I have been working in international trade for longer than I care to put in print! Initially with the Industrial Development Board, and subsequently Invest Northern Ireland. I recently relocated from the Belfast offices of Invest NI to Doha as Regional Manager for Qatar, Iran and Kuwait, helping Northern Ireland businesses break into and grow exports in these markets.
Qatar is the third largest economy in the Middle East behind Saudi Arabia and UAE. It was previously a member of the Gulf Cooperation Council (GCC): a political and economic alliance of six Middle Eastern countries – Saudi Arabia, Kuwait, the United Arab Emirates (UAE), Qatar, Bahrain, and Oman. However, last year Saudi Arabia, Bahrain, Egypt, the UAE, and the internationally recognised Yemeni government severed their diplomatic relations with Qatar, and the land border between Saudi Arabia and Qatar was closed. While this disagreement has many ramifications locally, it has also opened up export opportunities.
The Invest NI team from Doha, Qatar meet with #NorthernIreland companies Northern Engineering and McDon Peat Mushroom Casing who are participating in Qatar Agritech this week. @albaladiya @ukinqatar @tradegovukMENA pic.twitter.com/k9UErkhprR— InvestNI IMEA (@InvestNI_IMEA) March 21, 2018
Due to host the football World Cup in 2022, work continues apace on the venues and infrastructure for this major event offering opportunities for construction, sporting event management, hotel products and software exporters. As a result of the split from the GCC, Qatar’s traditional dealer networks based in Saudi and UAE have dissolved and Qataris are looking for new dealers and suppliers for major projects, such as the World Cup, and equipment purchases.
As a result of the closure of the land border with Saudi Arabia all food supply into Qatar, which imported 90 per cent of its food across the border, effectively stopped. The country reacted quickly and has actively sought new suppliers and developed a new food supply chain to ensure more food security in the future. This has opened up opportunities for Northern Ireland food companies, especially for niche products and speciality health foods. There are noticeably more NI products on the shelves of Qatari supermarkets.
Iran is also experiencing a period of change following the relaxation of sanctions against Iran by the EU. This is a major development in the market and has opened up new opportunities. With 80 million people this is a huge untapped market and Iranians are hungry for new ideas and modern manufacturing and marketing methods. Northern Ireland companies that have visited the region have received a lot of interest so it is certainly a market worth considering, in particular for agri-tech, food, aerospace and design and packaging manufacturers.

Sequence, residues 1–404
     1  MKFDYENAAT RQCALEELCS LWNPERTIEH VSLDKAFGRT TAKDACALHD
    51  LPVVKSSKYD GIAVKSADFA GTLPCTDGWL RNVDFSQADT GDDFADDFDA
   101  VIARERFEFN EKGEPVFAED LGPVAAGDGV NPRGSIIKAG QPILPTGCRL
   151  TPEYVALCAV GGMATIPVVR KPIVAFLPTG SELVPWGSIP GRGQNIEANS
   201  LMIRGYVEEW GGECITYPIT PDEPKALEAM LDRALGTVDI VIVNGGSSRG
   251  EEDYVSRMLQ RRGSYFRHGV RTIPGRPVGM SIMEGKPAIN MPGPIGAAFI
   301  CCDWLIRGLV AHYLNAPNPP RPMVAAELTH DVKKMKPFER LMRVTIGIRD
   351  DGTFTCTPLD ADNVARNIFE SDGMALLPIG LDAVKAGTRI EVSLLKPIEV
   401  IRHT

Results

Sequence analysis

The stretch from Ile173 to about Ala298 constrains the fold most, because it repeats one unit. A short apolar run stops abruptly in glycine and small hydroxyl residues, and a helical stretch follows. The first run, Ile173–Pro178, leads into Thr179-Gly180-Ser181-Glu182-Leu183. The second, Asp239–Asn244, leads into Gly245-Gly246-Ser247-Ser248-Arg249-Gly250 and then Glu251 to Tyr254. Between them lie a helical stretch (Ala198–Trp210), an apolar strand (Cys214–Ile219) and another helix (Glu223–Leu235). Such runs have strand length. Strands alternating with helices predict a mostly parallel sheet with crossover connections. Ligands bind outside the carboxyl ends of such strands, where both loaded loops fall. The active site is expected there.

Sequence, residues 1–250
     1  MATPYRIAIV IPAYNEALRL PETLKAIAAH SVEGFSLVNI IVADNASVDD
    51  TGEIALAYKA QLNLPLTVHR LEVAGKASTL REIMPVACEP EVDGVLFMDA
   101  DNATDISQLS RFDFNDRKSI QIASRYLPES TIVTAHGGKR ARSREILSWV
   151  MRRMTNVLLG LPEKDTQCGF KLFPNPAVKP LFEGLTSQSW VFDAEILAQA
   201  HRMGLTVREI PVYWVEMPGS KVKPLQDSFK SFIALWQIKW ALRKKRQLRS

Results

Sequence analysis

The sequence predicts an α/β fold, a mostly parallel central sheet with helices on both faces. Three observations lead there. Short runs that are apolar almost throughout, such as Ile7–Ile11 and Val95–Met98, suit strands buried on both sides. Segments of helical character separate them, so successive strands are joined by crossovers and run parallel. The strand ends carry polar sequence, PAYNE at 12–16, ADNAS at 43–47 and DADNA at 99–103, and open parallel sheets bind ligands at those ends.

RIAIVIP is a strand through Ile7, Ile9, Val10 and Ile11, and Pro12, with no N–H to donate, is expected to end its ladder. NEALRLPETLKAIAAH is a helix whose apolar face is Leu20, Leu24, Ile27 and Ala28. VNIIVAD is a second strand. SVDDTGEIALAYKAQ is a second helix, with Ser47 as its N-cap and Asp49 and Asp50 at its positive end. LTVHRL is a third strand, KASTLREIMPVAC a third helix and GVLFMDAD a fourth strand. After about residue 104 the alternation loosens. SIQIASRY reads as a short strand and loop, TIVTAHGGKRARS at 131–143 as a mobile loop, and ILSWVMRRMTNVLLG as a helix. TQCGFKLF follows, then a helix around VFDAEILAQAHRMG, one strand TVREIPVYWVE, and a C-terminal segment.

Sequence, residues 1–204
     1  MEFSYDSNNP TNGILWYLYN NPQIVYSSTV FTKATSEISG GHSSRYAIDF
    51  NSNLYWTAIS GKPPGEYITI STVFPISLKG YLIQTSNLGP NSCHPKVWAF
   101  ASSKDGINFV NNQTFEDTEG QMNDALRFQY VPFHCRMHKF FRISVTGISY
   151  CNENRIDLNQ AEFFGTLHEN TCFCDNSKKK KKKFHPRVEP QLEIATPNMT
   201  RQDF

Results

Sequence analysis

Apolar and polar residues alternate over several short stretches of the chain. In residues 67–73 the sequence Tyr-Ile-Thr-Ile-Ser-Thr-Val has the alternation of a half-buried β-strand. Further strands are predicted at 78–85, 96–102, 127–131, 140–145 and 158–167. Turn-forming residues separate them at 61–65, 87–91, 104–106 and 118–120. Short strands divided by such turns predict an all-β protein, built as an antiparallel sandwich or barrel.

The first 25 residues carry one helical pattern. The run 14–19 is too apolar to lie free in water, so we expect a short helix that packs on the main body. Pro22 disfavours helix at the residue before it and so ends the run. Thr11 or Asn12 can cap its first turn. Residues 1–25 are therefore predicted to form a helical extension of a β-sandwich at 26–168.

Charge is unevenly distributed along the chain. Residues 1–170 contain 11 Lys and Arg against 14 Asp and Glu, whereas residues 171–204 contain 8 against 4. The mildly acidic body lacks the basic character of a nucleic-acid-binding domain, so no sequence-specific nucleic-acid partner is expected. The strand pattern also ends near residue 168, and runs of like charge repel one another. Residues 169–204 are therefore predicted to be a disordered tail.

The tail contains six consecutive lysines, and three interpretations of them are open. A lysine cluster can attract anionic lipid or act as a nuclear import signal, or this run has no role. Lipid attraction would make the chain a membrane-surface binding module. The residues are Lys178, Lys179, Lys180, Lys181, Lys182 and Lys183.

However, banking difficulties are a significant obstacle to successfully exporting here and businesses need to have sound payment systems in place. UK Export Finance is a good source of information and advice on ensuring you protect your interests.
Kuwait is a growing market as it continues to build confidence. Northern Ireland equipment is already being used at Kuwait airport, audit software by local businesses and NI food on Kuwaiti supermarket shelves. Kuwait businesses are very receptive to new and innovative products and IT systems, and there are export opportunities for aerospace, and oil and gas equipment providers. The business community here appreciates face to face meetings and the small but significant ex pat network in Kuwait is ready and willing to offer advice and support when it can.
From our base in Doha, Qatar we are actively developing trade opportunities across all three countries. Our strong relationships with the UK Department for International Trade, regular Trade Missions and a network of contacts means we are able to offer practical advice and introductions for Northern Ireland companies.
A robust business plan is vital. Identify your USPs, and in particular the value of your product over cheaper far eastern competition – this will be an important selling point when meeting with potential distribution partners and customers. It is also important to have worked out what credit terms you are willing to offer. A word of caution though, don’t be overly generous, and don’t risk offering credit terms here that you wouldn’t offer at home. And, as mentioned before, make sure you have strong payment mechanisms and banking terms in place.
A robust business plan is vital. Identify your USPs, and in particular the value of your product over cheaper far eastern competition...
All three countries see these as challenging times, so any business visiting now will be building a good foundation for the future. For any business entering these markets building relationships is key – in fact it is paramount. It is important you factor in regular visits to your Middle East partners as part of your export strategy, if you don’t you won’t succeed.
Finally, be prepared to be patient. It will likely take a lot longer to success in the Middle East than you anticipate!
For advice and guidance on exporting contact your Invest NI Client Manager or the Business Support Team on 0800 181 4422.